RUSH (director: Kirsten
Sheridan; screenwriters: Nick Castle/James V. Hart/based
on a story by Paul Castro and Mr. Castle;
cinematographer: John Mathieson; editor: William
Steinkamp; music: Mark Mancina; cast: Freddie Highmore
(August Rush/Evan Taylor), Keri Russell (Lyla Novacek),
Jonathan Rhys Meyers (Louis Connelly), Terrence Howard
(Richard Jeffries), Robin Williams (Wizard), Arthur
(Leon G. Thomas III), William Sadler (Thomas Novacek),
Marian Seldes (The Dean), Mykelti Williamson (Reverend
James), Ronald Guttman (Professor); Runtime: 112; MPAA
Rating: PG; producer: Richard Barton Lewis; Warner
"Seems to want to wear its schmaltz on its breast pocket as if it were a medal of honor."
Reviewed by Dennis Schwartz
A ridiculous contemporary urban fairy tale directed by adding enough sugar not only to kill a diabetic but kill anyone with even an ounce of feeling. It's a shamelessly corny piece of dreck by Irish filmmaker Kirsten Sheridan ("Disco Pigs"/ "Patterns"/"War Zone") that seems to want to wear its schmaltz on its breast pocket as if it were a medal of honor. It's based on a story by Paul Castro and Nick Castle, with Mr. Castle and James V. Hart turning in the whimsical screenplay. My favorite awkward scenes, in a movie that only has awkward scenes, all involve Robin Williams (who happens to be the film's best actor), doing his usual bad acting job but not even giving a full effort as he phones in his performance; this time coming on as Fagin out of Oliver Twist and dressed like either Jon Voight in Midnight Cowboy or in a serious Bono getup.
The film's best hope for success is a gullible viewer who can suspend his disbelief and lap up all the mawkish moments as if they were genuinely warm and fuzzy moments. It follows the story of star-crossed lovers Lyla Novacek (Keri Russell) and Louis Connelly (Jonathan Rhys Meyers), who share the best night of their young lives making whoopie on the roof of a building facing Greenwich Village's Washington Square Park. He's a rock musician from Ireland playing with an American band, she's a grad of Julliard playing the classical cello. Her controlling upper-class dad (William Sadler), from the Midwest, ushers her away from Louis, and when she gives birth to a boy dad makes her put him up for adoption. Eleven years go by in a nano second and the orphaned child, named Evan (Freddie Highmore) but is given the name August Rush, a wine cooler, by the Wizard (Robin Williams). The Wizard takes in the runaway from a children's shelter to live with other runaways in the condemned old Fillmore East Theater and discovers he has a musical prodigy on his hands and is someone to be valued because he can bring in big coin panhandling in the streets as a busker. The kid meanwhile is searching for parents who donít realize he's alive and he keeps hearing music everywhere, which he says is their calling card to him. The kid tells one and all that to hear the music "All you have to do is listen." This is an idea swiped from John Cage, who said "all sounds are music."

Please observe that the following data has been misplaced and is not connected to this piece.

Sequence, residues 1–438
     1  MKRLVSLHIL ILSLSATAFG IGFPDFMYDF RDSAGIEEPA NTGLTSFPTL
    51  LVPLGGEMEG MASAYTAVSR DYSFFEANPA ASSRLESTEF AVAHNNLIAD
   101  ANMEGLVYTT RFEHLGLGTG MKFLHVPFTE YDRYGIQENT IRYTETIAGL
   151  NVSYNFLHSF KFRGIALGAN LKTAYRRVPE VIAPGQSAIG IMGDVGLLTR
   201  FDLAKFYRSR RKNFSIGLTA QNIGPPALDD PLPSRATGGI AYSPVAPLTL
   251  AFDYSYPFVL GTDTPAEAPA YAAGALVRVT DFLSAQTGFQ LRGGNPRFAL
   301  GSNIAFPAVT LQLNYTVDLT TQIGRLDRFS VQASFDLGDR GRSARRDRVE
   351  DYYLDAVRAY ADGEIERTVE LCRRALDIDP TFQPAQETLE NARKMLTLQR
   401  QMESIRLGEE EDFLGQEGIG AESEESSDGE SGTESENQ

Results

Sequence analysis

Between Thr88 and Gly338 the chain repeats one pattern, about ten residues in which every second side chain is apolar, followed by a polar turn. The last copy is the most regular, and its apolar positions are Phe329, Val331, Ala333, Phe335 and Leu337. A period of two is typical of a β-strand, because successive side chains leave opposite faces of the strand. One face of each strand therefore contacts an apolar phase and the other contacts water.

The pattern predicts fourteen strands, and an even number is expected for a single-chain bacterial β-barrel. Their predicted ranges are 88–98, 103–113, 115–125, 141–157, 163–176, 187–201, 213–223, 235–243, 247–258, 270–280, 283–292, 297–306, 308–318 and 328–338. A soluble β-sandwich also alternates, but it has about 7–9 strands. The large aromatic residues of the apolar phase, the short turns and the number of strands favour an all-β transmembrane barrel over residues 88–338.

There's no director that can make crap like that into art. There isn't one single moment in this inane melodrama that isn't contrived, and the only thing believable about it is that it stinks. It leads to an ending that relies on a series of unlikely coincidences coming together, like the perfect storm, even though it defies logic. In any case all the innocent unfortunates are suddenly against all odds back together in the Great Lawn of Central Park catching August conduct the New York Philharmonic, as they perform a symphony he wrote. If you believe that, I can get you a good price on the Brooklyn Bridge.
REVIEWED ON 11/21/2007 GRADE: D
Dennis Schwartz: "Ozus' World Movie Reviews"
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